Vaslav Nijinsky’s diaries

Vaslav Nijinsky, originally uploaded by Coilhouse.

In recent days I’ve descended into a Vaslav Nijinsky vortex, my obsession with abnormal psychology drove me to find every bit of information i could. Easily one the most influential dancers and another brilliant creator whose genius turned to madness, his diaries are a keyhole glimpse into a fascinating mind detaching itself from the world.

I retired into myself. I retired so deep into myself that I could not understand people. I know that everyone will suffer reading these lines, because I know that people will feel me. I’m a strong man, not a weak one. I’m not sick in the body. I feel a piercing stare from behind. I feel people want to harm me, but I will not fight and my enemy will be disarmed. They may wound me, but they will not kill me. I’m not afraid of suffering, because God will be with me. I know how to suffer.

There is a magnetism to his photos and even his slipping words that mystifies me; one can only imagine who he must have been to his contemporaries. Praises to his dance legacy have been sung and are widely available on the web – that isn’t why we’re here. Madness, seemingly sudden, warped half of his life and kept him frequently institutionalized until his death. What interests me is his documentation of the descent, 6 weeks of his experience prior to being committed in 4 notebooks, now published in full, which i am compelled and terrified of reading.

The doctor is leaving and I do not want to see him off. I want him to feel that his medical opinion is not needed. He came to say goodbye and I shook his hand. He asked me not to write too much. I told him not to worry about me. He asked me whether I’d like to see a specialist in Zurich. I replied that I did not know, but if my wife so wishes, I would see him. The nerves in my head hurt me. I feel my blood has rushed from my head. I feel death near me. I am afraid that I will be put into an asylum.

But it isn’t all Strindberg-style introspection. Nijinsky shares everything from the backstage intrigues of Ballet Russe, to views on politics, his relationship with ballet giant Diaghelev, a profound obsession with bodily functions and more. He wanted his diaries to be published and hoped they would save the world.

Diaghelev likes to say that he created the ballet, because he likes to be praised. I do not mind if Diaghelev says that he composed the stories of “Faune” and “Jeux,” because when I created them, I was under the influence of ‘my life’ with Diaghelev. The Faune is me and Jeux is the life which Diaghelev dreamed. Diaghelev wanted to make love to two boys at the same time and wanted these boys to make love to him. In the ballet, the two girls represent the two boys, and the young man is Diaghelev. I changed the characters, as love between three men could not be represented on the stage…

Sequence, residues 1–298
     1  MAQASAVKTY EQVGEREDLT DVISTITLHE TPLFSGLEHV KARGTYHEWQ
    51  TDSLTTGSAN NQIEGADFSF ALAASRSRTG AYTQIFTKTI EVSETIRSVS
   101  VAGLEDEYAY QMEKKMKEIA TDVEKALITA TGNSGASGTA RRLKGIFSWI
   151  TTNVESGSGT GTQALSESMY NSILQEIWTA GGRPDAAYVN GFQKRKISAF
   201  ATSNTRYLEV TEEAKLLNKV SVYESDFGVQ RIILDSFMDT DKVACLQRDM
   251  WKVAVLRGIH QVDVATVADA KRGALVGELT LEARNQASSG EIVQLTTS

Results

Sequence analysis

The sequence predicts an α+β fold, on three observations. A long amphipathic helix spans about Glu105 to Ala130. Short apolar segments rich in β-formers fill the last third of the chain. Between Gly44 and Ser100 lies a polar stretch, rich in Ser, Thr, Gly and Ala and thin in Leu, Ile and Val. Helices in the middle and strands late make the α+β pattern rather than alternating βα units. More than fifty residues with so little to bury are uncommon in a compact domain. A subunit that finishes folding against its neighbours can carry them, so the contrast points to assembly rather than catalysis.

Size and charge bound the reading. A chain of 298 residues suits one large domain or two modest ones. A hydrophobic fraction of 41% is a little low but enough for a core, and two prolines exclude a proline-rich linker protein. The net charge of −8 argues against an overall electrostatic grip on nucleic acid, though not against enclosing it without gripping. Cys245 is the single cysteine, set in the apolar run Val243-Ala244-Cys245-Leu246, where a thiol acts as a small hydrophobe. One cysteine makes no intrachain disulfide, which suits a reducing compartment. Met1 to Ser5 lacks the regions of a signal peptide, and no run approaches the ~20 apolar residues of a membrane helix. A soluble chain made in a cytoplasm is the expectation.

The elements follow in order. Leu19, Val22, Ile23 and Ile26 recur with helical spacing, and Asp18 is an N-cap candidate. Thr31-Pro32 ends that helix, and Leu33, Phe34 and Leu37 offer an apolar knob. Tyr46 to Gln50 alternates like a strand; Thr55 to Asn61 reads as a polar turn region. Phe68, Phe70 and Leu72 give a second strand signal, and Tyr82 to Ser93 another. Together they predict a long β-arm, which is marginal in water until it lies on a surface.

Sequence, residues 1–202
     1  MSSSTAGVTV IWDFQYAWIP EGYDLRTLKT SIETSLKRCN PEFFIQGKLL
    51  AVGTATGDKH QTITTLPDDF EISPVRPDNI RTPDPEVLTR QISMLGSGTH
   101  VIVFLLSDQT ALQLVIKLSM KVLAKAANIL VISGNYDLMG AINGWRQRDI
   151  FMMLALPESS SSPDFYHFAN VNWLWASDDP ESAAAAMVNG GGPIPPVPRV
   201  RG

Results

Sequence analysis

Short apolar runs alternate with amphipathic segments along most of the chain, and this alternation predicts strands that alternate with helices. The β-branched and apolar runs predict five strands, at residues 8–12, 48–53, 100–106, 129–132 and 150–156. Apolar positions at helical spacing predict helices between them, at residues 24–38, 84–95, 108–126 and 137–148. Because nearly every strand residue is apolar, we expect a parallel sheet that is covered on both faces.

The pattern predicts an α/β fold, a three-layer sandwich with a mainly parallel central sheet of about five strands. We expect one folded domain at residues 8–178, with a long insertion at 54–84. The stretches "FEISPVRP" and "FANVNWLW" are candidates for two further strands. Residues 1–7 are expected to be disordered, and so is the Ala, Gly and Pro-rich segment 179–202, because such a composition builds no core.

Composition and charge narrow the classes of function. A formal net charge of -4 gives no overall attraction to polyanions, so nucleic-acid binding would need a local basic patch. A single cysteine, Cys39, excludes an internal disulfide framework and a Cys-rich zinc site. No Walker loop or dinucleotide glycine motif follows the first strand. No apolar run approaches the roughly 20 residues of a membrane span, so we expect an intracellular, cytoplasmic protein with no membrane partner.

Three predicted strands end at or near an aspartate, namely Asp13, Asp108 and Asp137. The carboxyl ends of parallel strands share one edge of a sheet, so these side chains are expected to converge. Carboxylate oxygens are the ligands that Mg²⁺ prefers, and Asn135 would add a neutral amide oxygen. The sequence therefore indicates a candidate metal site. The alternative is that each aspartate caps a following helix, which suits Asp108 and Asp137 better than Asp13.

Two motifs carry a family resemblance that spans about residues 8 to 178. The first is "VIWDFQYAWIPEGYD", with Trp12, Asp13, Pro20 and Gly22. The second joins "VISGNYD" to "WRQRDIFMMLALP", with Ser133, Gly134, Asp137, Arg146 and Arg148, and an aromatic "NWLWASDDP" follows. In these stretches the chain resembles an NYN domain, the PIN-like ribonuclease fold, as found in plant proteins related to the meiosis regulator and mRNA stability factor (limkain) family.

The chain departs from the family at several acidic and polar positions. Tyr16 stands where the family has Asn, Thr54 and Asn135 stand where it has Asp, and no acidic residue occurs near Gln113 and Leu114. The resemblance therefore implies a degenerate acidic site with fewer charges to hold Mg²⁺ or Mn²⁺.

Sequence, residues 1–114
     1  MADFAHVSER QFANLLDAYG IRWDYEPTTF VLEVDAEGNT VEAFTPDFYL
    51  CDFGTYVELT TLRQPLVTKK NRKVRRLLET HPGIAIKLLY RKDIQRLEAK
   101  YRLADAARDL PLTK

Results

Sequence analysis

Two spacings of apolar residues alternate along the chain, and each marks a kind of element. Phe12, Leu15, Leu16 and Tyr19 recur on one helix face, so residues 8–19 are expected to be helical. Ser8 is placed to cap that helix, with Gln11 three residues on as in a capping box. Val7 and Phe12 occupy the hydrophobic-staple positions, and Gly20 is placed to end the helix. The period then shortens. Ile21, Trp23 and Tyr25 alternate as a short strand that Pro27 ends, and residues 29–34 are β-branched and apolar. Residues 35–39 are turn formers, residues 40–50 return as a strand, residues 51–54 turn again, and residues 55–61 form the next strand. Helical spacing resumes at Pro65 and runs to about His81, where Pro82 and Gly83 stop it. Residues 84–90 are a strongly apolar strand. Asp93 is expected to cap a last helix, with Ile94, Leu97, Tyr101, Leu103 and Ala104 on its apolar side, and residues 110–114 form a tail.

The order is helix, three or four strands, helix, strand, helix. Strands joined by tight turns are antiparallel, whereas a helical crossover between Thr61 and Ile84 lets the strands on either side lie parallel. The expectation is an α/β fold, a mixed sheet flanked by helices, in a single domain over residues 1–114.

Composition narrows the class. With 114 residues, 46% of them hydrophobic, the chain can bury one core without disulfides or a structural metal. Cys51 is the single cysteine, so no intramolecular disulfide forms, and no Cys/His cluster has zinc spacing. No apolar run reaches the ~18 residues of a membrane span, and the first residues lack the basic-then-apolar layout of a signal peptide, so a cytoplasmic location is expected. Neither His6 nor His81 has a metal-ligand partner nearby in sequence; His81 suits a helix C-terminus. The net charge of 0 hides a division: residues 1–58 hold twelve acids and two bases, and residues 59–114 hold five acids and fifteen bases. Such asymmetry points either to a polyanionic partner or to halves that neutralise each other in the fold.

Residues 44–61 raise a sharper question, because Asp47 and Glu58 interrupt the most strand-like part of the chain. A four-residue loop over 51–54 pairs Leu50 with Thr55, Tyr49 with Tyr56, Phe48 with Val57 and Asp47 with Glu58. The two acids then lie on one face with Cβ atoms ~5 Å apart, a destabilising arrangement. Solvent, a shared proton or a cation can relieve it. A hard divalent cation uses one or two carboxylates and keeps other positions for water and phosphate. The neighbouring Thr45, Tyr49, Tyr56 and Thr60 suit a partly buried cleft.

It’s been said that the idea of the genius-madman is an insult to artists, still the connection is very much present. While madness is not always genius and genius is not always madness, it is certainly common for one to lead to the other and vise versa. Having a unique perspective can make one first be recognized as a great & gifted innovator, but then cast out or institutionalized when that same gift becomes a social hazard. That very spark, that different way of seeing, sequesters, alienates in the end.

5 Responses to “Vaslav Nijinsky’s diaries”

  1. the daniel Says:

    Why is the idea of the genius-madman seen as insulting to artists? Do you mean some people suggest that all artistic geniuses are necessarily crazy, or is it just that the stereotype that some genius-madmen exist is damaging to all artists?

  2. zoetica Says:

    I imagine because this idea’s become very nearly a stereotype which some don’t appreciate, you see.

  3. Nadya Says:

    I read up some more on him. How sad, the way he went crazy! Actually, for some reason what really breaks my heart is his tombstone:

    I don’t know why, but I think that this is the saddest-looking Tombstone I’d ever seen.

    If only he’d had Helium to cheer him up.

  4. zoetica Says:

    It was difficult to narrow this down to a single topic – his entire life is very interesting! But yes the tombstone, the fact that they chose Petrushka of all his characters, is very sad. It would have been better to use the Faun.

  5. Jim Maguire Says:

    How can I optain a copy right of an image or a copy right free image of Vaslov Nijinsky? Jim